A noted poet and activist recounts an odd season at the dawn of the civil war in El Salvador.
At the opening, Forché (English/Georgetown Univ.; Blue Hour, 2003, etc.) admits she had only a little knowledge of the Central American nation of El Salvador until the end of the 1970s. “What I knew of El Salvador, I knew from my Spanish professor in college, himself a Salvadoran,” as well as from translating the work of the poet Claribel Alegría. At the beginning of the narrative, the author recounts how she opened her door one day to a man whom Alegría had mentioned without much specificity: Leonel Gómez, a mysterious figure who sometimes seemed to be all things to all people. Gómez convinced Forché that she needed to see what was happening for herself, and off she went to a nation on the brink. A bête noire soon came into view: Colonel Chacón, “who chops off fingers and has people disemboweled.” Gómez was a born mansplainer, throwing out a sequence of lessons that prompted Forché to protest that she was smart enough to follow along, to which he replied, “Lesson three has nothing to do with you.” The remark was ominous, to say the least. Gómez, her Virgil, guided Forché into tight corners, such as the cramped office of a commander who earnestly asked, “what can we do to improve the situation?” Alas, the time for talking drew short, and the bullets began to fly—some of them, it seems, deliberately aimed at her. As Forché writes in her elegiac opening, “I will learn that the human head weighs about two and a half kilos, and a child’s head, something less.” Episode by episode, dodging death squads, Forché builds a story filled with violence and intrigue worthy of Graham Greene around which a river of blood flows—doing so, unstanched, with the avid support of America’s leaders.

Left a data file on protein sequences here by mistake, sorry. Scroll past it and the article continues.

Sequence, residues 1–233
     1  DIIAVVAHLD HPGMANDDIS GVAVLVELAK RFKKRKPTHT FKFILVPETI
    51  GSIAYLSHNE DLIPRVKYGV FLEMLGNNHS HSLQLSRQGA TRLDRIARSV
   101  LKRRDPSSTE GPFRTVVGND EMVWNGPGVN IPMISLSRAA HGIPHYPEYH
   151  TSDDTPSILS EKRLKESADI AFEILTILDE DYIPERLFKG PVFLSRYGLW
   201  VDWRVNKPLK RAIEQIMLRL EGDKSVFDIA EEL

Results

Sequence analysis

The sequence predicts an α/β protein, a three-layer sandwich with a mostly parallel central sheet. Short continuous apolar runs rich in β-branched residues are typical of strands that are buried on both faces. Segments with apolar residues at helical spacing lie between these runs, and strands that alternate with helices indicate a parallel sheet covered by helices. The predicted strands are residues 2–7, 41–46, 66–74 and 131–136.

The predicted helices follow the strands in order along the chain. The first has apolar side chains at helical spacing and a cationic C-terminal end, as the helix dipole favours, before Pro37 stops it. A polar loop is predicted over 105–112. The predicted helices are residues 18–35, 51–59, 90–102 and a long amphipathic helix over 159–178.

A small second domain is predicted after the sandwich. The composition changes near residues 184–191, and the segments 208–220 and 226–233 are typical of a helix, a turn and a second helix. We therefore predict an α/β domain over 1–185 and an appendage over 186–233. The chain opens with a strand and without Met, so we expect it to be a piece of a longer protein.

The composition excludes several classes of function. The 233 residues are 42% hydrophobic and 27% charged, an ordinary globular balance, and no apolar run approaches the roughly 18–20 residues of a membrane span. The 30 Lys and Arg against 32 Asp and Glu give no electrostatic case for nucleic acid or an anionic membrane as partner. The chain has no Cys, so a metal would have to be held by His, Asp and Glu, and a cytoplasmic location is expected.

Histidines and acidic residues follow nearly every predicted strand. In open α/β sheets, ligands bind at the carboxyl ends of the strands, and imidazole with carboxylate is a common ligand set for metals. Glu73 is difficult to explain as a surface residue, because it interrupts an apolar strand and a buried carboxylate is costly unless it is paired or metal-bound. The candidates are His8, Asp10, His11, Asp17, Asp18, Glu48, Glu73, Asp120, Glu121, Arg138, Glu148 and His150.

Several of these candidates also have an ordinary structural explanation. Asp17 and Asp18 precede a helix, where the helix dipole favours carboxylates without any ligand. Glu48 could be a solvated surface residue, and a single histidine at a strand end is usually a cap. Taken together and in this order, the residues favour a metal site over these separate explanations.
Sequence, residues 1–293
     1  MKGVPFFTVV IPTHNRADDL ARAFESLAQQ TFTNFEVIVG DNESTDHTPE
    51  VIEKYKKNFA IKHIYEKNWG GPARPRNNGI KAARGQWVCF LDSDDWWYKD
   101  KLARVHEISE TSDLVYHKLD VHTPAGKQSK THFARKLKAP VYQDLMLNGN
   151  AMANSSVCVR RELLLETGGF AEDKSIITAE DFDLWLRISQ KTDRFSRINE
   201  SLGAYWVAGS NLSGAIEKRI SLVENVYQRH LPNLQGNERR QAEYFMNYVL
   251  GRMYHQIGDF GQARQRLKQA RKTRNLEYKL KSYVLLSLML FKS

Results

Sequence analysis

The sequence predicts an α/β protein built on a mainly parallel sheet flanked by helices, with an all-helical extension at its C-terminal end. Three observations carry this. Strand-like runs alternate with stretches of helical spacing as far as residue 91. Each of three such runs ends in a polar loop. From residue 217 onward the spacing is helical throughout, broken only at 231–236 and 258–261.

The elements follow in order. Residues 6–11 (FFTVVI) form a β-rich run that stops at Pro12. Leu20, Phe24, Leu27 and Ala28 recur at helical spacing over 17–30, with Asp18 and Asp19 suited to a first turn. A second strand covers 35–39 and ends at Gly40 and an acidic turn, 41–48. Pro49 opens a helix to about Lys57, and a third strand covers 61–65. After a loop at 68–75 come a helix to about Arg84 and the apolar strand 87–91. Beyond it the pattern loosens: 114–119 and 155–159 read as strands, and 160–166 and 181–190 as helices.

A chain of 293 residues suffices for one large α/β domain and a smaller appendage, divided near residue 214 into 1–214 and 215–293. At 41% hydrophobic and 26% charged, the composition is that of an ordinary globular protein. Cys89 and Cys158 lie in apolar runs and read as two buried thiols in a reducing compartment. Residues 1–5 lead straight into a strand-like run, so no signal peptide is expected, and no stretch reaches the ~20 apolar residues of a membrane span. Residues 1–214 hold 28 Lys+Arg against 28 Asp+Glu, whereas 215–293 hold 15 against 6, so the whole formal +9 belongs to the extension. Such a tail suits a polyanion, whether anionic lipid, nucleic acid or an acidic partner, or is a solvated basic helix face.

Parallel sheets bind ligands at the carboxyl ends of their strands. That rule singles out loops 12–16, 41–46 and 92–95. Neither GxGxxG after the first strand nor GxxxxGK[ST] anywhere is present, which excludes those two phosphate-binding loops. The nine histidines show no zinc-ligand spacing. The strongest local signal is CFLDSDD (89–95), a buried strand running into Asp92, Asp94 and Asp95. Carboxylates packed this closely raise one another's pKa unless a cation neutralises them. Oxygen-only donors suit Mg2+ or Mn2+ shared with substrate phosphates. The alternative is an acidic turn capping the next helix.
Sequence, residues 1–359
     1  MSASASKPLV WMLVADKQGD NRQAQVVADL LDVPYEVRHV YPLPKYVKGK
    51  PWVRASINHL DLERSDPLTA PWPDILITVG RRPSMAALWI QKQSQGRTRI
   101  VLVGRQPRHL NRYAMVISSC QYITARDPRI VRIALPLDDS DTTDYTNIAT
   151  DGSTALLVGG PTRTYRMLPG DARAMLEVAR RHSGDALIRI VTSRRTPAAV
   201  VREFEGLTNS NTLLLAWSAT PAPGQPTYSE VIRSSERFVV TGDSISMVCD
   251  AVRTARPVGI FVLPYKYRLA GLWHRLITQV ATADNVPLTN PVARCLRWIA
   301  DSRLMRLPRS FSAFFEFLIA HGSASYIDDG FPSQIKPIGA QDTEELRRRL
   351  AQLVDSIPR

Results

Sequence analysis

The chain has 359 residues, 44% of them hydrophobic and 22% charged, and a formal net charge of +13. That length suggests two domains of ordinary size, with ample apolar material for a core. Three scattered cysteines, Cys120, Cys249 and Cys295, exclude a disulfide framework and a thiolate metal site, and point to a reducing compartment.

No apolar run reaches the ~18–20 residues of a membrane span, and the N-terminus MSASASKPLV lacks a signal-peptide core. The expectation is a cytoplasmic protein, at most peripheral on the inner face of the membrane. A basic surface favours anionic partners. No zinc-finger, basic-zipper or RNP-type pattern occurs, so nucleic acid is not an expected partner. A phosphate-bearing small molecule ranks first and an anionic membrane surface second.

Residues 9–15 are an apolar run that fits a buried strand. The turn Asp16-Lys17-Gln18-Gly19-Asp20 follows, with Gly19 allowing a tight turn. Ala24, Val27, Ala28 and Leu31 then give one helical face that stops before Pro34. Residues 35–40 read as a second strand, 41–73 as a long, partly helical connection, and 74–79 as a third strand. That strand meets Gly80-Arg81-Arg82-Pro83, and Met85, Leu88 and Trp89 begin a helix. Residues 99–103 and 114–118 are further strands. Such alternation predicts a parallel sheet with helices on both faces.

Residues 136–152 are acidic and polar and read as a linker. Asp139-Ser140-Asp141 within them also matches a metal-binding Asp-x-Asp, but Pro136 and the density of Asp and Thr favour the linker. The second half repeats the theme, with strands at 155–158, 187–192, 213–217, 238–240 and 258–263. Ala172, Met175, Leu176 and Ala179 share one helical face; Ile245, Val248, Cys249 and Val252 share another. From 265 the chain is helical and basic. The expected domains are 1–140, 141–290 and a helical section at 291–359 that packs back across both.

A valuable firsthand report of a time of terror.